In my role as Missions Coordinator at Operation Mobilisation (OM), one of the things I enjoy most is giving orientation to the new recruits joining OM’s ship ministry. Since 1970, OM’s four ships have visited over 150 countries, welcoming over 47 million visitors onboard their floating book fairs which offer quality educational and Christian literature. The crew members, all of whom are Jesus followers, come from over 50 countries and commit months or years to work without a salary. Their desire is to share knowledge, help, and hope with the nations.
As I had spent some years serving on OM’s second ship Doulos, there are many stories to share with those joining the ship ministry, so that they can be better prepared. I tell them about the different work departments onboard, cross-cultural do’s and don’ts, how to survive seasickness (and homesickness), the variety of onshore programmes in partnership with churches, and the joy of witnessing people receive Christ in the various ports we visit.
But after the light-hearted chats about ship life and ministry, I remind them that in deciding to join God’s mission, they need to count the cost as there are risks involved. Serving onboard a ship means exposure to hurricanes, storms, and pirate-infested waters. Also, one does not choose which ports of call to visit, but will have to follow wherever the ship sails to.
“But is it safe?” a missions participant once asked. I thought about the tragic incident that happened to Doulos in August 1991.
Doulos was docked in Zamboanga, Philippines. The crew members organised a big event at the ferry terminal where over 1,000 locals gathered for an evening of songs and dances, followed by a message about Christ. Backstage, crew members were praying as the speaker gave the closing invitation, when suddenly a grenade was thrown backstage and exploded. Two 19-year-old crew members Sofia (Sweden) and Karen (New Zealand) died on the spot, with many others injured. At the hospital, the injured crew members sang, and took turns to read their favourite Bible passages aloud to encourage one another. Even though the attackers were plotting evil, they could not stop God’s work. A number of locals gave their lives to Jesus. Doulos continued to sail. Karen’s sister joined the ship to complete the remainder of Karen’s commitment.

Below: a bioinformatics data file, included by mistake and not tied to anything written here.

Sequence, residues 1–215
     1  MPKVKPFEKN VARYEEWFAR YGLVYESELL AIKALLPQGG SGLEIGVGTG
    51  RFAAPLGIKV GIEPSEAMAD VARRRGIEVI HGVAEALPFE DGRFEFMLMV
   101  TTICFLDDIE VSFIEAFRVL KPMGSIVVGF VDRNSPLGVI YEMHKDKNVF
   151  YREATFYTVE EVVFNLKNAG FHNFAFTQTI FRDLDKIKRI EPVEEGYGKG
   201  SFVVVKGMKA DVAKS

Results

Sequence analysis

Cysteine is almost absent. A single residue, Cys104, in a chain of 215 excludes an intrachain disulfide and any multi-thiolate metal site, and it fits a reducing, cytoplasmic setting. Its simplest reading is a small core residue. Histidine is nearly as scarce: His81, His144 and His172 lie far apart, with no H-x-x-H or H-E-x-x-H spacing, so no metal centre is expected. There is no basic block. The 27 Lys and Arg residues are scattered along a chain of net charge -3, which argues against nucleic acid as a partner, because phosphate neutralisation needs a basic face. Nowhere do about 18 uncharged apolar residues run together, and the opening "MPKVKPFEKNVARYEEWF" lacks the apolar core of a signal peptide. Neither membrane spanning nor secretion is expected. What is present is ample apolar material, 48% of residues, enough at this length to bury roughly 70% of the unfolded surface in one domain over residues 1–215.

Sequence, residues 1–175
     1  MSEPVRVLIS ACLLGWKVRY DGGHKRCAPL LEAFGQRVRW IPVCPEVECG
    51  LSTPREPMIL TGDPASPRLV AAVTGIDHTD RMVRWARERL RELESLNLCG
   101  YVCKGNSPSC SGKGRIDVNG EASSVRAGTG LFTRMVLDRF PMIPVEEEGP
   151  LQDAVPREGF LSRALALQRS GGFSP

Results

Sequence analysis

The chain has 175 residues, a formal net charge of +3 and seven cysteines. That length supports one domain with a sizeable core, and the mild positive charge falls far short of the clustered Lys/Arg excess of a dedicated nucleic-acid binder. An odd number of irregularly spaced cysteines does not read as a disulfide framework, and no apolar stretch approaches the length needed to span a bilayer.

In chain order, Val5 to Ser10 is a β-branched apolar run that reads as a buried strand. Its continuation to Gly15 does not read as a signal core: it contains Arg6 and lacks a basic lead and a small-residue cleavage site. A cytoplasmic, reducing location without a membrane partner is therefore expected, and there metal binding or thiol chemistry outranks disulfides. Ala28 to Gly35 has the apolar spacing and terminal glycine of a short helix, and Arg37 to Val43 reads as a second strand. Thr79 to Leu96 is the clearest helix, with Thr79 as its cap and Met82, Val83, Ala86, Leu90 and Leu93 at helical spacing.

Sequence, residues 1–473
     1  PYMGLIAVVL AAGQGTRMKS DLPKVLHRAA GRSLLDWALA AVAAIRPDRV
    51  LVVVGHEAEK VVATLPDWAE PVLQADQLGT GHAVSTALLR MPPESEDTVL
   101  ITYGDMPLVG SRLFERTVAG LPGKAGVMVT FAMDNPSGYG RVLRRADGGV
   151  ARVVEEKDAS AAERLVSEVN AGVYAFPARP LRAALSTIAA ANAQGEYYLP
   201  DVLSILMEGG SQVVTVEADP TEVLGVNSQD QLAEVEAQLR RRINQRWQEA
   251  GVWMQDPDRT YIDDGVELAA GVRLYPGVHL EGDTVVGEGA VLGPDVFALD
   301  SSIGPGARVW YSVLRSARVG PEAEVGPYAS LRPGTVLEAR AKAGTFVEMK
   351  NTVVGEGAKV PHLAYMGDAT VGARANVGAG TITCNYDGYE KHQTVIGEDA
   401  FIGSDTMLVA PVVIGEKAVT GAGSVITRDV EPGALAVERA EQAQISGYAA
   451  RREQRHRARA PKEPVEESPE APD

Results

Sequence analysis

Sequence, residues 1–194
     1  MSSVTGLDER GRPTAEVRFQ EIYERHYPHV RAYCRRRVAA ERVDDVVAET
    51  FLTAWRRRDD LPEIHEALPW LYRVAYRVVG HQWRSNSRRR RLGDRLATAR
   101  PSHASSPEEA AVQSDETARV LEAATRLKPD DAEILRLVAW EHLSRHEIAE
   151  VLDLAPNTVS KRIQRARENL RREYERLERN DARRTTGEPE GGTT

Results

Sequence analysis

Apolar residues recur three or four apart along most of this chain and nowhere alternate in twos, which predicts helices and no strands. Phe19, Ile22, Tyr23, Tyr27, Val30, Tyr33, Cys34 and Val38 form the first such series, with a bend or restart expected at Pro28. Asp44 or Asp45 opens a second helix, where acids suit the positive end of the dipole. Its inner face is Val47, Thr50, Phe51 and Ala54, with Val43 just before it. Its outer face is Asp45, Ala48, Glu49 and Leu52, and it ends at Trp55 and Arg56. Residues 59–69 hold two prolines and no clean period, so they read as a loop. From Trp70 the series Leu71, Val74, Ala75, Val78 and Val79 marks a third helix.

The call to follow Jesus isn’t safe, but it is the way, the truth and the life. In Paul and Timothy’s letter to the church in Corinth, they shared about the hardships they endured for the sake of Christ. They were “hard pressed on every side, but not crushed; perplexed, but not in despair; persecuted, but not abandoned; struck down; but not destroyed” (2 Cor 4:8–9). Even though they suffered much, they remained steadfast to place their hope in God’s promise, “Therefore we do not lose heart … For our light and momentary troubles are achieving for us an eternal glory that far outweighs them all” (2 Cor 4:17–18).
This is the same hope that we can hold on to. No matter how hard things may get because of our commitment to follow Jesus, it is worth it because just as we share in Jesus’ suffering, we also share in His resurrection and glory. If you are facing difficulties at home, school or work because of your belief in Jesus, take heart and don’t give up on your faith. May the Lord give you the courage and strength to be a shining light wherever you are, that He will draw people into His kingdom through your witness.